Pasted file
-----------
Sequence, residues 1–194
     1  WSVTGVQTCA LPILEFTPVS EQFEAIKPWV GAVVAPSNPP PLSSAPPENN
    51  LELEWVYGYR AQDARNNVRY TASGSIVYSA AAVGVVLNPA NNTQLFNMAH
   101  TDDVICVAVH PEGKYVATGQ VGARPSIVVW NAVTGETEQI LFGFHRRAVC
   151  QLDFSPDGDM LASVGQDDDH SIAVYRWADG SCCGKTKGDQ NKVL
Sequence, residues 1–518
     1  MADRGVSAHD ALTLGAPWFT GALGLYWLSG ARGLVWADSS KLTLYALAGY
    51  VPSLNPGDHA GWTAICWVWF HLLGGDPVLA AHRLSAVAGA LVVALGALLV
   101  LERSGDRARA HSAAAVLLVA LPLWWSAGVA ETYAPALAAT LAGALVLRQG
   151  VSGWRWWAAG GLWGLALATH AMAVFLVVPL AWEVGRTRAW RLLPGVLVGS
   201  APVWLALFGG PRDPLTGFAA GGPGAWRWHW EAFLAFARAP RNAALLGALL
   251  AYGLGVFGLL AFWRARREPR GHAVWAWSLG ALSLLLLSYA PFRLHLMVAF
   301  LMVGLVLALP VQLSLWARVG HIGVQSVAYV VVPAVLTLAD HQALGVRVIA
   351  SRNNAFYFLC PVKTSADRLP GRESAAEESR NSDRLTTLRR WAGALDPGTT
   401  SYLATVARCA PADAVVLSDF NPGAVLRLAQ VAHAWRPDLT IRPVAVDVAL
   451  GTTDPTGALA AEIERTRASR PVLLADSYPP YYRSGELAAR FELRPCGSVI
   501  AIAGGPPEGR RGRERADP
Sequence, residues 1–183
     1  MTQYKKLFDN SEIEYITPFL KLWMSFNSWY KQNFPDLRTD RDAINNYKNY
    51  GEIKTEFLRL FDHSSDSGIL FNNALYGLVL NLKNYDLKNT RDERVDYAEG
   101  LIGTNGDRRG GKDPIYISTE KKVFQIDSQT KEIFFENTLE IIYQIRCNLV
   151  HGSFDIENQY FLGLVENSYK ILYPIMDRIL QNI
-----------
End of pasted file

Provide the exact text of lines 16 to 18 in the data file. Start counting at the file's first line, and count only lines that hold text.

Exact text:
   451  GTTDPTGALA AEIERTRASR PVLLADSYPP YYRSGELAAR FELRPCGSVI
   501  AIAGGPPEGR RGRERADP
Sequence, residues 1–183